Martin Short long on laughs

After coming off a successful Broadway run of "Fame Becomes Me," his latest one-man show, comedian Martin Short isn't quite sure what he's going to title his appearance in Wichita on Saturday.

"I have a lot of names I've used in the past: 'Party With Marty' or 'Stroke Me, Lady Fame' or 'If I'd Saved I Wouldn't Be Here," Short said with a chuckle over the phone from his summer cabin in Canada near Lake Rosseau, about an hour north of Toronto, Ontario.

In some markets, he jokes, he's even dared to use "Sunday in the Park with George Michael."

"The key is to be spontaneous and loose. That's what an audience is looking for," says Short, beloved from his sketch comedy beginnings at "Second City Television" and "Saturday Night Live," where he created indelible and edgy characters like caustic albino entertainer Jackie Rogers Jr. and persnickety celebrity interviewer Jiminy Glick. Perhaps his most popular is nerdy but sweetly naive man-child Ed "I must say!" Grimley.

"The audience looks for me to be loose so they can have fun. A lot of the show is improvisation, so it varies night to night. But it's not totally free-form. There's more structure than that," he says. "If you narrow down what I do, the best description is 'entertainer.' The audience gives you permission to surprise them and it's up to you to come through."

Short, now 61 and working on a biography about his 40-year (so far) career, says he doesn't have to spark belly laughs to be satisfied.

"Audiences are the same all over. If a line is funny in Boston, it's funny in Baton Rouge," he says. "But individuals react differently. A smile or a chuckle is as good as a belly laugh to me. They're all positive."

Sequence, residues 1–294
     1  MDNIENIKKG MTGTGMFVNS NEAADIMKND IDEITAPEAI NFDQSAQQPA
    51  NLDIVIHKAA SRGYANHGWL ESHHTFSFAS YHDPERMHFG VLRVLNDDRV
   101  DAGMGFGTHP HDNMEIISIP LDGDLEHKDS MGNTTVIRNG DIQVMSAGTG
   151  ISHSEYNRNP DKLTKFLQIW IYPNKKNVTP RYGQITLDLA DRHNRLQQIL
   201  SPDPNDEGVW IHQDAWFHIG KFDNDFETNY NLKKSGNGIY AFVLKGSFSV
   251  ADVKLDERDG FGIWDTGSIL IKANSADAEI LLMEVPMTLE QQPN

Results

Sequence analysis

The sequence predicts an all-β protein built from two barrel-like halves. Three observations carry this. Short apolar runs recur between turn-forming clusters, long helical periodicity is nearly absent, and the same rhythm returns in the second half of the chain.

To make his appearances one-of-a-kind to each city, Short brings up an audience member, usually a local celebrity, to be interviewed by his probing Jiminy Glick. Wichita Eagle fashion maven Bonnie Bing, a bit of a wit herself from years in local Gridiron shows, has agreed to square off with him, Short says.

A native of Canada, Short was working on a degree in social work at McMaster University when he was cast in a production of the musical, "Godspell," along with then-unknowns Victor Garber, Gilda Radner, Eugene Levy, Dave Thomas and Andrea Martin.

The performing bug bit and he joined Canada's Second City improv group in 1977 at the urging of Levy and Thomas. That opened the door to American sitcoms like "The Associates" and "I'm a Big Girl Now," and finally to "Saturday Night Live" in 1984-85 to help revive the show after Eddie Murphy's departure.

That's where America got to know the "completely mental misadventures" of Ed Grimley plus other folks like ancient songwriter Irving Cohen, industrialist and art patron Bradley P. Allen and defense attorney Nathan Thurm. Short gets his ideas for new characters from people-watching.

"They (characters) always begin as some form of real-life impersonation, but I modify them enough so that nobody can tell where they came from," he says, noting that he's shamelessly "borrowed" bits and pieces of friends and co-workers. "I change the sex or the look to keep people guessing. Ultimately, they are all extensions of me."

On "SNL" Short also created some of his edgiest work with startling celebrity impersonations of Jerry Lewis and, particularly, Katharine Hepburn with her tremulous, Parkinson's-like voice.

"It was never mean-spirited," Short says of uneasiness in some observers. "It was based on truth and it showed her indomitable, feisty spirit. There is a way to do mean-spirited, and this was never that."

In the latter part of the 1980s, Short moved into TV and movies, including "Three Amigos" with Steve Martin and Chevy Chase, the "Father of the Bride" remake and its sequel.

Finally, he made it to Broadway, first in critically acclaimed musicals "The Goodbye Girl" and "Little Me" and then his own one-man comedy romp, "Fame Becomes Me."

If you go

Martin Short

What: Comedian and Tony Award-winner's one-man show with some of his famous alter-egos

Where: Orpheum Theatre, First and Broadway

When: 8 p.m. Saturday

How much: Tickets $60 orchestra, $55 mezzanine, $45 balcony; available through Select-A-Seat at 316-755-7328 or www.selectaseat.com or at Dillon's Superstores or at plant employee clubs